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Independence from Britain was more than just a severing of ties between the United States and its former mother country. It created the chance for the United States to establish its presence in the community of nations. Thus the American Revolution not only created the United States; it was the catalyst for the invention of American diplomacy.
Philadelphia was the commercial and cultural hub of the British colonies and is indelibly linked in Americans’ minds as the site of the signing of the Declaration of Independence and the writing of the US Constitution.
Historians are generally agreed that if the Constitution had been put before the electorate for an up-and-down vote—a plebescite, in effect—it would not have been ratified. This essay considers how three large groups—African Americans, artisans, and small farmers—viewed the Constitution, and examines why these groups had deep reservations about its ability to steer the nation forward without compromising the founding principles of the American Revolution.
From long before the United States claimed its independence through revolution or established its governmental structure based on its grand Constitution, the contradiction of a freedom-loving people tolerating and profiting from depriving their fellow human beings of freedom was central to any understanding of the nation’s formation.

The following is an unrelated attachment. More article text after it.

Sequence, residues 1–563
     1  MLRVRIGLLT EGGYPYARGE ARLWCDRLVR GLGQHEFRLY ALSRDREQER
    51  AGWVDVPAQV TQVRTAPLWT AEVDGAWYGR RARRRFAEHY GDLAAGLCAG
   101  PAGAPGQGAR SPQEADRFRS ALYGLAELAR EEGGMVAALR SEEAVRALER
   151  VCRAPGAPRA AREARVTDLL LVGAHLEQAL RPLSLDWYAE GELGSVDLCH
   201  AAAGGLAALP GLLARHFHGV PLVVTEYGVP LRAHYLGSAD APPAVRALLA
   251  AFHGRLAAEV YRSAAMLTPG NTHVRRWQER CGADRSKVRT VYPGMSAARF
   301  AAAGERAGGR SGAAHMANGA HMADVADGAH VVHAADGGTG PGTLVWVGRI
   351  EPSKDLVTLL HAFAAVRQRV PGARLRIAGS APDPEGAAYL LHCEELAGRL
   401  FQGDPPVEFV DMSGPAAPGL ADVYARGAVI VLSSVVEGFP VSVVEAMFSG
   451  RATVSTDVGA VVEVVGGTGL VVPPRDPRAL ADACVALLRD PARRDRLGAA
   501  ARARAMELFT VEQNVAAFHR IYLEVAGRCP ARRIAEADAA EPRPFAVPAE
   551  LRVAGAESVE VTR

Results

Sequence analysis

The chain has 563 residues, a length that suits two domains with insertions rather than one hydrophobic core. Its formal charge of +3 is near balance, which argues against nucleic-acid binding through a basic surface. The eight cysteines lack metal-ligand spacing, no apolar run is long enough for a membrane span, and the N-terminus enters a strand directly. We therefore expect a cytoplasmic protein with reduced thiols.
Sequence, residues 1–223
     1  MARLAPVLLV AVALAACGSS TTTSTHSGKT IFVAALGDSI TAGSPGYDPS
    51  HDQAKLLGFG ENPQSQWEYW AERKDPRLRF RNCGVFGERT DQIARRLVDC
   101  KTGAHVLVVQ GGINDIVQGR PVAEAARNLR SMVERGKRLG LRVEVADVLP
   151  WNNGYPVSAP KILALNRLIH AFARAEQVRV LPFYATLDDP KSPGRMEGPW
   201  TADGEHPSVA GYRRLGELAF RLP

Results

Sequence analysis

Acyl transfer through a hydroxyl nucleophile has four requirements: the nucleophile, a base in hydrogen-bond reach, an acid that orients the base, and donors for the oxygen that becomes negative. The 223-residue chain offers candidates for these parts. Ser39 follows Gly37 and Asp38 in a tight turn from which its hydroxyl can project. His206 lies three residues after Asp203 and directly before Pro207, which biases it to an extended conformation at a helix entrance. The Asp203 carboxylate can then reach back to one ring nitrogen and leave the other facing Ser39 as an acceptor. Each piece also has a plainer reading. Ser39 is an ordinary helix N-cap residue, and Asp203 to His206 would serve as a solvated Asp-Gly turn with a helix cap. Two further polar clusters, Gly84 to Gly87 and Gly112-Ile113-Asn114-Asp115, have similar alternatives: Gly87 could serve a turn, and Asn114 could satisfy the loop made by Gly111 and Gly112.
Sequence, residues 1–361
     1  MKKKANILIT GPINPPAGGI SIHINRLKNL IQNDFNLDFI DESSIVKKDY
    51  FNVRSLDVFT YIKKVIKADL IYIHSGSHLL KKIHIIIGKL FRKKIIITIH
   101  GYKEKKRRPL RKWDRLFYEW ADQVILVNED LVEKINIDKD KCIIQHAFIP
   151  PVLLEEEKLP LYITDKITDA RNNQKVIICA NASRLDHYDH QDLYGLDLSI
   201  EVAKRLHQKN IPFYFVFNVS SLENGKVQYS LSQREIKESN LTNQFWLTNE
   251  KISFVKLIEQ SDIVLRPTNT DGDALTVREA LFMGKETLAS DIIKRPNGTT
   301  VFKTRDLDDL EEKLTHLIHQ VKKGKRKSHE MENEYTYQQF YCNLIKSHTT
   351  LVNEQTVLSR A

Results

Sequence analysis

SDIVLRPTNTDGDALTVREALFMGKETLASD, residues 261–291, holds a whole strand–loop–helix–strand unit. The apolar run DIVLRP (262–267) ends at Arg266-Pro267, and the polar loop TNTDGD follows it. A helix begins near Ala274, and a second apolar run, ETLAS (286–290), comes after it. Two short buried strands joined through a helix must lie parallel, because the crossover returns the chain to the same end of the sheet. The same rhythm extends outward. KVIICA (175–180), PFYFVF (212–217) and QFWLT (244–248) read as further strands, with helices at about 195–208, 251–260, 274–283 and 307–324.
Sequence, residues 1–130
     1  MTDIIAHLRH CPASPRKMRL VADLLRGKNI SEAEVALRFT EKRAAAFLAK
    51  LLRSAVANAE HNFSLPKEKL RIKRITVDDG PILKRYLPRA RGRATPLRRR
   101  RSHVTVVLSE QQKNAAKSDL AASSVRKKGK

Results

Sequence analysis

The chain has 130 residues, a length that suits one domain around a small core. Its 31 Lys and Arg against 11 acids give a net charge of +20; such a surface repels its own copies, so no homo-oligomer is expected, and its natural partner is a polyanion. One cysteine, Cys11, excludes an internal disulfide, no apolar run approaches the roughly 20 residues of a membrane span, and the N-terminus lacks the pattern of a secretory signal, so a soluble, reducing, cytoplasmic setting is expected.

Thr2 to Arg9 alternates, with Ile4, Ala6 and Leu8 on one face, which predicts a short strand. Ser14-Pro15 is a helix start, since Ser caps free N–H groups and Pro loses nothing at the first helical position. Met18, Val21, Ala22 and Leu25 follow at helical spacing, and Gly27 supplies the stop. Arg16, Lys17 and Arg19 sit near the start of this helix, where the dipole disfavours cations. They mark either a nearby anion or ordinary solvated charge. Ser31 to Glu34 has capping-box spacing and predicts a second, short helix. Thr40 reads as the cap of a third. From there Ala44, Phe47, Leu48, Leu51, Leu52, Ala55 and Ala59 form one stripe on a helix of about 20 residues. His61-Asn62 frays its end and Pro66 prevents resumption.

George Washington was among the first of America’s statesmen to recognize the flaws in the government under the Continental Congress and the Articles of Confederation. In the months following the new Constitution’s submission to the Congress he supported its ratification: the document was the best on which the Convention could agree, and a second such effort was not likely to do better.
A day after appointing a committee to write the Declaration of Independence, the Second Continental Congress named another committee to write the Articles of Confederation. The Articles of Confederation represented an attempt to balance the sovereignty of the states with an effective national government.
How could our Founding Fathers balance the needs of the states as we created a national government?Materials The Virginia Plan, 1787 (PDF). Source: Virginia (Randolph) Plan as Amended (National Archives Microfilm Publication M866, 1 roll); The Official Records of the Constitutional Convention; Records of the Continental and...
The Evolution of the US Constitution: The Preambles to the Articles of Confederation and the US Constitution
This lesson plan is part of Gilder Lehrman’s series of Common Core State Standards–based teaching resources. These resources were developed to enable students to understand, summarize, and analyze original texts of historical significance. Through a step-by-step process, students will acquire the skills to analyze any primary or secondary source material.Overview
Students will have the opportunity to read, interpret, discuss, and compare portions of the Articles of Confederation and two versions of the...